Use Path.Combine instead of Concatenating Paths

I always advice developers to use System.IO.Path.Combine instead of doing string path concatenation. Here’s why! While concatenating paths in your .NET applications, I often come across the following code:


This code is buggy! You may not realize it at the first glance, but the output produced is


The folderPath does not end with a valid separator character i.e a trailing slash is missing after ‘\’. Now if you write the following code using Path.Combine, the output is as follows:

// code from
string folderPath = "C:\\MyFiles";
string filePath = "somefile.txt";

string entirePath = folderPath + filePath;
Console.WriteLine("Using String Concat :\n" + entirePath);

entirePath = Path.Combine(folderPath, filePath);
Console.WriteLine("\nUsing Path.Combine :\n" + entirePath);


As you can see, a separator is appended to folderPath before concatenation. So get into the habit of using Path.Combine in your application and it will save you a lot of time during application maintenance.

There are many more similar checks that are taken care of if you are using Path.Combine. It has 4 overloads that you can check here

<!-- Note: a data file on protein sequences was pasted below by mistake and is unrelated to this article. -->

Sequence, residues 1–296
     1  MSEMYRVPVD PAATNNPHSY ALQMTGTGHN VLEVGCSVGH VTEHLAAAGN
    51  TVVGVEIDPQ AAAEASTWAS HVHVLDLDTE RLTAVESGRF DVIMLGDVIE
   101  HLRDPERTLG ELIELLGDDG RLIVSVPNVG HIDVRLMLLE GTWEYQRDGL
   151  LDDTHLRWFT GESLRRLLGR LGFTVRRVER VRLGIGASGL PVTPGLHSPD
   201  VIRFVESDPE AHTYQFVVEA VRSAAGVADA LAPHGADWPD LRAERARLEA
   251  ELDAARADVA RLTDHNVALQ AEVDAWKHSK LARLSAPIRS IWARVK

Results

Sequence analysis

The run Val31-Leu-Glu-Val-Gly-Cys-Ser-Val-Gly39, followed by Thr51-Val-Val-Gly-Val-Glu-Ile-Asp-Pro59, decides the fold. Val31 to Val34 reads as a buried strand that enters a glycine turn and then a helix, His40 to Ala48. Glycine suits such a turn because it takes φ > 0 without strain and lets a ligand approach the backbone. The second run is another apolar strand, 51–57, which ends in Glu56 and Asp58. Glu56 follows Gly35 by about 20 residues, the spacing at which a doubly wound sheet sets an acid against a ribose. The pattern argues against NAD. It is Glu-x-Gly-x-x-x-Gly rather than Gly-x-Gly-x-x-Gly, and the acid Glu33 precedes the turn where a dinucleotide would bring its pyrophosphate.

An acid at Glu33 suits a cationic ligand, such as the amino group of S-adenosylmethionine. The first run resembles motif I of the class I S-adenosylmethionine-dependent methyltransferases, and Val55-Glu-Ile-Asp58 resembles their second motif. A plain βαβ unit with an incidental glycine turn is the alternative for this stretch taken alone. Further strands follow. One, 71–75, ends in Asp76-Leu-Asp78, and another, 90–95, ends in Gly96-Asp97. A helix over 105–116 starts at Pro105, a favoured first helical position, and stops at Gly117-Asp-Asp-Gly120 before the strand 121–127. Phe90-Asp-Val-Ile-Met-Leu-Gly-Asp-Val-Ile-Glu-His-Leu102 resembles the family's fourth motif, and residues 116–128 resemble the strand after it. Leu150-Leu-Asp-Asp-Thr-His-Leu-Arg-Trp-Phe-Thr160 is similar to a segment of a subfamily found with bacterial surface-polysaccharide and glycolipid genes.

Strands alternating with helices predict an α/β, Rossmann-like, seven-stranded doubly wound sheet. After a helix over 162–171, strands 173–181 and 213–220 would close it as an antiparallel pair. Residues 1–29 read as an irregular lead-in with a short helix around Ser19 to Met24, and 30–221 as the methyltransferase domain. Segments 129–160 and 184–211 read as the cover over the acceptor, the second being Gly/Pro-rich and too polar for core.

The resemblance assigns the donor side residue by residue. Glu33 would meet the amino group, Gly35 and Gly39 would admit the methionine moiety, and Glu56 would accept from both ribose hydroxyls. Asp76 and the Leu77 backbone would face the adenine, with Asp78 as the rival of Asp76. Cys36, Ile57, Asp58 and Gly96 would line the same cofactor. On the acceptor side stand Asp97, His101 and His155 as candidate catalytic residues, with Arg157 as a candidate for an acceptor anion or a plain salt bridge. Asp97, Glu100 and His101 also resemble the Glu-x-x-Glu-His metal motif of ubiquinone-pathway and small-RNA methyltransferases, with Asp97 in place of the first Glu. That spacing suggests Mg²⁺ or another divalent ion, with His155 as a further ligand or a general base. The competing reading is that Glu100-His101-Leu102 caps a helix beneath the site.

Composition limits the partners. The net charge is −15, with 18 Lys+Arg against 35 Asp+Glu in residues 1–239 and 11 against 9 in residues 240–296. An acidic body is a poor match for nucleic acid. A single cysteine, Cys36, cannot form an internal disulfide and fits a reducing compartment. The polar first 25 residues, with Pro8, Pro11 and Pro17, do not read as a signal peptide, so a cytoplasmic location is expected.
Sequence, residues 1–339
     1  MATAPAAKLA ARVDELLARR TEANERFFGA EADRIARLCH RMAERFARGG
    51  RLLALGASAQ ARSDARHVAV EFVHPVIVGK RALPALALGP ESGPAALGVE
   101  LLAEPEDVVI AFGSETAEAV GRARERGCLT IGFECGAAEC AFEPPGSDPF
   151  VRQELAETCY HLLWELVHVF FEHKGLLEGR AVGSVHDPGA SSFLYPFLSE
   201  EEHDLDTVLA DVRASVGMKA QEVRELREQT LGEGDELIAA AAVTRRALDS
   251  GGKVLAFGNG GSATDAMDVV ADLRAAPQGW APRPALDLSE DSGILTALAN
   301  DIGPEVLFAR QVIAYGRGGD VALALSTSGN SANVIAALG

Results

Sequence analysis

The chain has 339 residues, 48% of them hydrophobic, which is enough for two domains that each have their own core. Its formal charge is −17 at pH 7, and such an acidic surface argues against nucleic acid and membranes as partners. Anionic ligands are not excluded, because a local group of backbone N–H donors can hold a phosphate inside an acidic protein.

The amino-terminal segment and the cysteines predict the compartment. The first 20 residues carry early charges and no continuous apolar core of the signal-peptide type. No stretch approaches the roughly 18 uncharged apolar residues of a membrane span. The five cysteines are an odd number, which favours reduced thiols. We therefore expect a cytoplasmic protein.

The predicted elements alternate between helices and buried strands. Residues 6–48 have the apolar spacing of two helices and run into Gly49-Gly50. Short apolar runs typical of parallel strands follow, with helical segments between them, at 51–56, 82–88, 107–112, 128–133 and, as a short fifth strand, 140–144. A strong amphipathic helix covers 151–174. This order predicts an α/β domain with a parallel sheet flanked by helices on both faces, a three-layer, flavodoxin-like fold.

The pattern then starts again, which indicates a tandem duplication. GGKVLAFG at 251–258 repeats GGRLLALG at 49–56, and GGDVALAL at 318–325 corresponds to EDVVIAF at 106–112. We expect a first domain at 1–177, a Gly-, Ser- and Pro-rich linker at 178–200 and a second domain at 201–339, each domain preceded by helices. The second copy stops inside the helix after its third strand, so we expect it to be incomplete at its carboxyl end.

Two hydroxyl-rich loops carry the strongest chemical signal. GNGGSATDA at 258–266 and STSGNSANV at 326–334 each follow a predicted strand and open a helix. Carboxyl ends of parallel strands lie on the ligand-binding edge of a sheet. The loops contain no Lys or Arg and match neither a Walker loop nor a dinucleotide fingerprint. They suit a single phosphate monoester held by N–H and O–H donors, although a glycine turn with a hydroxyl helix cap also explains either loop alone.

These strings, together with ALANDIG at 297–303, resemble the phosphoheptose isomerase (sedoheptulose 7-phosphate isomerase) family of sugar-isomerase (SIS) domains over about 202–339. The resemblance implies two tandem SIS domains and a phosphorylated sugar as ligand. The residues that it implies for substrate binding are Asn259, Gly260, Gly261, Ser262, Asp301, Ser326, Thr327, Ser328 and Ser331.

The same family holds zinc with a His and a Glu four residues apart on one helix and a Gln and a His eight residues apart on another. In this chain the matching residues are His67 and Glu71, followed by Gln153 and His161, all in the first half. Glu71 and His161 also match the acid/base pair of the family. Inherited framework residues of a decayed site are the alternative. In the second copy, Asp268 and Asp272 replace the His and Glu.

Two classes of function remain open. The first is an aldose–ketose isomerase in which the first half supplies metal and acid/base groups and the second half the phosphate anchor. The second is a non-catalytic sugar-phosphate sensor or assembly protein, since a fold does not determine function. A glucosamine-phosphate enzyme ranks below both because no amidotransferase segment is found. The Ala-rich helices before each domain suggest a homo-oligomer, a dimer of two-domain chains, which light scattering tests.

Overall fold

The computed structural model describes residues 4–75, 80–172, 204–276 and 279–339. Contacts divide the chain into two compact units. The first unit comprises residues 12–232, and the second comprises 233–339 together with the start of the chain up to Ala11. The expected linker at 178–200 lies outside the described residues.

I would love to see this API enhanced in .NET 5 to allow for Absolute path conversion and path validity check.

Check some more useful .NET Tips

About The Author

Suprotim Agarwal
Suprotim Agarwal, Developer Technologies MVP (Microsoft Most Valuable Professional) is the founder and contributor for DevCurry, DotNetCurry and SQLServerCurry. He is the Chief Editor of a Developer Magazine called DNC Magazine. He has also authored two Books - 51 Recipes using jQuery with ASP.NET Controls. and The Absolutely Awesome jQuery CookBook.

Follow him on twitter @suprotimagarwal.

1 comment:

Toni said...

You can use Path.GetFullPath to convert relative path to absolute. Path validation is a bit tricky unless it assumes that all the parts must exist. There are some open source projects such as: